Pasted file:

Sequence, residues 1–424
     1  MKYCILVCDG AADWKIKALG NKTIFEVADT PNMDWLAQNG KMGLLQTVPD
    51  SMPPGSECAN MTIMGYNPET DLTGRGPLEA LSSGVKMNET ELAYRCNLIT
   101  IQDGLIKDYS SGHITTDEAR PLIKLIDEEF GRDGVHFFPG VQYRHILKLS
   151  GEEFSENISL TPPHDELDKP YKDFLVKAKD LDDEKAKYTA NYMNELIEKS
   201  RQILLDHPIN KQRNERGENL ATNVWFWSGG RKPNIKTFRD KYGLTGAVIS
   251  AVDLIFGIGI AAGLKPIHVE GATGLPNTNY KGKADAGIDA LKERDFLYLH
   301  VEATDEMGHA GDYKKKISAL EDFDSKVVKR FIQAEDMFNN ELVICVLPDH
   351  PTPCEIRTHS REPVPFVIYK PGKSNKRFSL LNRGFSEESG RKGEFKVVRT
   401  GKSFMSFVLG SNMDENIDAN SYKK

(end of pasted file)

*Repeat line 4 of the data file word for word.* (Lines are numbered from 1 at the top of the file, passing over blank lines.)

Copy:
   101  IQDGLIKDYS SGHITTDEAR PLIKLIDEEF GRDGVHFFPG VQYRHILKLS